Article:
CHAMPCAR/CART: Mexico City: Pre-event notes, schedule

WHOS HOT On an unpredictable day in Australia Nelson Philippe ( ...

CHAMPCAR/CART: Mexico City: Pre-event notes, schedule


On an unpredictable day in Australia Nelson Philippe (#4 CTE Racing-HVM Ford-Cosworth/Lola/Bridgestone) became the youngest driver to win a race. With his victory Philippe moved up to fourth in the points standings and recorded his eighth top-ten finish this season. Last year Philippe posted his best start and finish at the Autodromo Hermanos Rodriguez when he began the day in the eighth position and finished seventh.

In his second start with Rocketsports Mario Dominguez (#8 Pemex/GICSA/Del Valle Ford-Cosworth/Lola/Bridgestone) posted his best finish this season in Surfers Paradise. In the final laps of the race the Mexican was able to pull within 0.728 seconds of Philippe, but had to settle for the second position. Going into his hometown race Dominguez has one podium finish to his credit.

In Australia Alex Tagliani (#15 Aussie Vineyards Ford-Cosworth/Lola/Bridgestone) brought the crowd to its feet as he recorded a podium finish for his Team Australia. His third place finish moved him into the top ten in the point standings heading into the season finale. The Canadian posted his best Mexico City finish a year ago when he placed eighth.

Will Power (#5 Aussie Vineyards Ford-Cosworth/Lola/Bridgestone) captured his first pole position of his Champ Car career two weeks ago in Surfers Paradise. His race day started with a flourish as he led the first thirteen laps of the race, before contact took him out of contention. Currently the Aussie leads the rookie-of-the-year by 15 points over Dan Clarke (#14 CTE Racing-HVM Ford-Cosworth/Lola/Bridgestone). Last year Power made his second Champ Car start at the Autodromo Hermanos Rodriguez, recording a top ten finish.

In Surfers Paradise Charles Zwolsman (#34 Mi-Jack Conquest Racing Ford-Cosworth/Lola/Bridgestone) brought his car home a career best seventh and recorded his seventh consecutive top-ten run, which currently is the most by a rookie contender this season. In last year's race in Mexico City the 2005 Atlantic Champion made his first Champ Car start.


Justin Wilson (#9 CDW Ford-Cosworth/Lola/Bridgestone) wrapped the 2005 season up in style last year by winning from the pole position at the Autodromo Hermanos Rodriguez. During the race the Brit had to fight off advances from his teammate A.J. Allmendinger, but still was able to lead 65 of the 70 laps ran. In just two starts in Mexico City Wilson has yet to start or finish outside of the top four.

Even though Bruno Junqueira (#2 Hole in the Wall Ford-Cosworth/Lola/Bridgestone) has yet to win at the Autodromo Hermanos Rodriguez, he still has an impressive record at the course. In three starts the Brazilian has one pole position, has yet to qualify worse than third, and has two podium finishes.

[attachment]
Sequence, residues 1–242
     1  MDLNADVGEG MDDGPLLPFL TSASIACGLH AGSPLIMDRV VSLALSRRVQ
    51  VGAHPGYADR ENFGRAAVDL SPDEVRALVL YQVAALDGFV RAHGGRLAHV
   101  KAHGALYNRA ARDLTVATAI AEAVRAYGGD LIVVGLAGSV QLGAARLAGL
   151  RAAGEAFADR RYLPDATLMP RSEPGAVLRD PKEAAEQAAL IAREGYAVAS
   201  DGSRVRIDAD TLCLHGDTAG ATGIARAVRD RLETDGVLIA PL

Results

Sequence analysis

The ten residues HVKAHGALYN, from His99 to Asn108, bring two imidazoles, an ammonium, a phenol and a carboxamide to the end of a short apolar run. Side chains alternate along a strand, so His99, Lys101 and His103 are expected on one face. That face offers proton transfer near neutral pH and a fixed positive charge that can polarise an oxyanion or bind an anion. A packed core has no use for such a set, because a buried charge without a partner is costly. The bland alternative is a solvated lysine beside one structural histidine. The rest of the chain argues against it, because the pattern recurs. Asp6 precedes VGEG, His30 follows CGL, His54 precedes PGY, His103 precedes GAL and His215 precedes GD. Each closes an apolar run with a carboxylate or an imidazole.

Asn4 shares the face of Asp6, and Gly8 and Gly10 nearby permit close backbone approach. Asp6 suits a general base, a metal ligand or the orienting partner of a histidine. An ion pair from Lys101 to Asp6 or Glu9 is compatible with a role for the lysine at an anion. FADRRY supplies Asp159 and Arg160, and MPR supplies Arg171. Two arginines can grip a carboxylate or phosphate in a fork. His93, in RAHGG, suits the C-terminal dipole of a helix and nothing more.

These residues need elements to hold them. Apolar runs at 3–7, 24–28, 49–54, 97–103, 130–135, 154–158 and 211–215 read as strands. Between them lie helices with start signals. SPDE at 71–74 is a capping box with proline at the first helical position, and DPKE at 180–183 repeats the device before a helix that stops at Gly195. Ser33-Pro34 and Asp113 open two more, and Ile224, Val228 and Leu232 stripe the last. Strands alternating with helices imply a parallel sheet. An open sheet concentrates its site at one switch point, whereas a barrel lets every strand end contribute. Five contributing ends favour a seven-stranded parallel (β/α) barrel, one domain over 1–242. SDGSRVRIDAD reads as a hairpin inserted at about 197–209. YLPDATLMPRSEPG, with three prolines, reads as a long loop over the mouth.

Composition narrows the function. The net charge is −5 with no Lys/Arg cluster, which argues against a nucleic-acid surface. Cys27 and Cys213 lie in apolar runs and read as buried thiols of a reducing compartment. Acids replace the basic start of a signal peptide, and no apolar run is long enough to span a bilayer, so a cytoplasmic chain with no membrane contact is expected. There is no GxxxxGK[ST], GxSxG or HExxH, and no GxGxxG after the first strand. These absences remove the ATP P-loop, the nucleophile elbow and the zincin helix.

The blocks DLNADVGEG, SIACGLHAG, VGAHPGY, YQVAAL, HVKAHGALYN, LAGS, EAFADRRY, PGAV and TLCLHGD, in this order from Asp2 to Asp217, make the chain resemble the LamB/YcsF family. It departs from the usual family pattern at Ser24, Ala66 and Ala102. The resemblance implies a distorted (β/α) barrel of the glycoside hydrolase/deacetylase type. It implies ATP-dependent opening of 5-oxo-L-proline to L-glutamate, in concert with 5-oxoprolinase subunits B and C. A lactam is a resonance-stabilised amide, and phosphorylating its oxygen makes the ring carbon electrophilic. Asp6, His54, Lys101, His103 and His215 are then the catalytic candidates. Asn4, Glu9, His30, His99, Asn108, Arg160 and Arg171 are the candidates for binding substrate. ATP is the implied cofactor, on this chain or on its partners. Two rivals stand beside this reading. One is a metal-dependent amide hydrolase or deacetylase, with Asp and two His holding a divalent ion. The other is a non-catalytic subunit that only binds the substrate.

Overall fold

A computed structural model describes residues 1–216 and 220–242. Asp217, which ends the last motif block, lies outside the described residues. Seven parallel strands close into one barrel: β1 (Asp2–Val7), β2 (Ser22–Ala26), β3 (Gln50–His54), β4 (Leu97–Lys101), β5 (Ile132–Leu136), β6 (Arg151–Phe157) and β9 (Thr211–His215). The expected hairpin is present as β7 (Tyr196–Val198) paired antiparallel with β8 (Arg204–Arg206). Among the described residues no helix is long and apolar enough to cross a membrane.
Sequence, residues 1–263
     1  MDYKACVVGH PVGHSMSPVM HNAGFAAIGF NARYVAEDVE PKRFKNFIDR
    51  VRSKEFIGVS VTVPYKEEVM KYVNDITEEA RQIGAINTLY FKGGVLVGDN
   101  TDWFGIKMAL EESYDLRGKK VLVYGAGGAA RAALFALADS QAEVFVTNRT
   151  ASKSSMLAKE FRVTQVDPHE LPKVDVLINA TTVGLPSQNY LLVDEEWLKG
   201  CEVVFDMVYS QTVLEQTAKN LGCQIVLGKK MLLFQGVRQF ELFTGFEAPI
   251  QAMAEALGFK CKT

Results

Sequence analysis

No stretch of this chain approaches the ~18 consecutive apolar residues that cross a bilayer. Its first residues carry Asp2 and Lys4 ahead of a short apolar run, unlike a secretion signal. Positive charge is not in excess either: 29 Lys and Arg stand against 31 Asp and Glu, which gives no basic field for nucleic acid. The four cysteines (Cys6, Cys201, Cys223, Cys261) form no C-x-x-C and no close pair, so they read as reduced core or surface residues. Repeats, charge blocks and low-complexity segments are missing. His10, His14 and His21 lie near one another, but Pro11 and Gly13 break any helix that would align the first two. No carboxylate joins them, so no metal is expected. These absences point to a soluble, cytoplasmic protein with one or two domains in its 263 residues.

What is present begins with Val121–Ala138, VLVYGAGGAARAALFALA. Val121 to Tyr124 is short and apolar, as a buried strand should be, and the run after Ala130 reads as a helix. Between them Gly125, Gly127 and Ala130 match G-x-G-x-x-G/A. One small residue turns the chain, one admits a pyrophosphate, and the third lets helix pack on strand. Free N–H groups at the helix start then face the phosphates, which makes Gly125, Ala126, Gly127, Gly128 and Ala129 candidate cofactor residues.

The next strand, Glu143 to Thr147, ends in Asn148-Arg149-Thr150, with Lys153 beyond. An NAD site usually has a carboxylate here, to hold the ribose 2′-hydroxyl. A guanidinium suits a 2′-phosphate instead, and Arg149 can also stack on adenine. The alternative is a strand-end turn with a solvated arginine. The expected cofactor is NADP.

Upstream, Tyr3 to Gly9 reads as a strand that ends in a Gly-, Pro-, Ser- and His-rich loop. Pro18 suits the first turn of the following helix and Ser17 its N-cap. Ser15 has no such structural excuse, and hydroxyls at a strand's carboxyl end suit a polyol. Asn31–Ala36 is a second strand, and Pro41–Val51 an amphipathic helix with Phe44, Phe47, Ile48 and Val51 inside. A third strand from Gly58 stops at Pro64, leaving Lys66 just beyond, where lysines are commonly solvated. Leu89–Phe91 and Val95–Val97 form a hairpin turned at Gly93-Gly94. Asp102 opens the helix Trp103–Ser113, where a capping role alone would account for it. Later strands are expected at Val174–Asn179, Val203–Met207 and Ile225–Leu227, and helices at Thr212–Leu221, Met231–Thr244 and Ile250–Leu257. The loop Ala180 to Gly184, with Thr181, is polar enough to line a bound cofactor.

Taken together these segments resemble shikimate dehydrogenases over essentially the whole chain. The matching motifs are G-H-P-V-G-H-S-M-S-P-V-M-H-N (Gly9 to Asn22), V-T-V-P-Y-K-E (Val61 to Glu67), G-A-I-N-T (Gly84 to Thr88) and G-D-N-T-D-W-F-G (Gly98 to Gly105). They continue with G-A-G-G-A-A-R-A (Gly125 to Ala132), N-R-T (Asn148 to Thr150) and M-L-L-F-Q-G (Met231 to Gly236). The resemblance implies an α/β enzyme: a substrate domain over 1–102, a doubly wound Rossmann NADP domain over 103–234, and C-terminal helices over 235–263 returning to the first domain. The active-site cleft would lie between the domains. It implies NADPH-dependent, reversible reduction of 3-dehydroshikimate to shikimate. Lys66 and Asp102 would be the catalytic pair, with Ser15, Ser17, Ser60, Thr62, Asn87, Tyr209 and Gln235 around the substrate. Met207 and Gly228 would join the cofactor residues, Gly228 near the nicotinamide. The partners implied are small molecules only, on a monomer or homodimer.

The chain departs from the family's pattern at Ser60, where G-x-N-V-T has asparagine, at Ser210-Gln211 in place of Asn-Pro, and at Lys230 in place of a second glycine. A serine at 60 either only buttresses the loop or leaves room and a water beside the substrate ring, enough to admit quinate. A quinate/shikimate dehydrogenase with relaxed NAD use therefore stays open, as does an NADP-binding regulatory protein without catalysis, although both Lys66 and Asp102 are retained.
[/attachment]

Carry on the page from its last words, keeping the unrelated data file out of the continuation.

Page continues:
In 2004 Sebastien Bourdais (#1 McDonalds Ford-Cosworth/Lola/Bridgestone) captured his first Champ Car championship by winning from the pole position in Mexico City. Out of three starts at the Autodromo Hermanos Rodriguez the "Flying Frenchman" has yet to qualify lower than fourth and has two podium finishes to his credit.

Paul Tracy (#3 Indeck Ford-Cosworth/Lola/Bridgestone) became the second driver to cinch a title in Mexico City when he won in 2003 from the pole position. During the race Tracy led 64 laps and crossed the finish line 1.782 seconds in front of Sebastien Bourdais. Last season Tracy went from the front two the back on two separate occasions and still managed to come back through the field to finish third. The Canadian has yet to qualify outside of the top eight and has two podium finishes on the Mexico City road course.


Newman/Haas Racing's Sebastien Bourdais became the first driver since Ted Horn (1946-48) to win three consecutive Bridgestone Presents The Champ Car World Series Powered by Ford championships with his eighth place finish in Surfers Paradise, Australia.

Four different rookies led laps during the event in Surfers Paradise two weeks ago, marking the first time that four rookies led in a single event since 1983. The last time it happened was at Michigan International Speedway in 1983 when John Paul Jr., Teo Fabi, Al Unser Jr. and Don Whittington led laps.

In 1980 when Champ Car traveled to Autodromo Hermanos Rodriguez, it became the first Champ Car sanctioned race to be held in Mexico.

In the first race at Autodromo Hermanos Rodriguez three drivers from Mexico competed in the event (Daniel Muniz, Juan Carlos Bolanos and Michel Jourdain). Since then there has been at least two drivers that call Mexico home in the field each year. Other Mexican drivers that have competed in Champ Car in Mexico city include: Josele Garza (1981), Michel Jourdain (1981), Michel Jourdain Jr. (2002-2004), Mario Dominguez (2002-2005), Luis Diaz (2002-2003), Adrian Fernandez (2003), Roberto Gonzalez (2003 and 2004), Rodolfo Lavin (2003-2005), and Homero Richards (2005).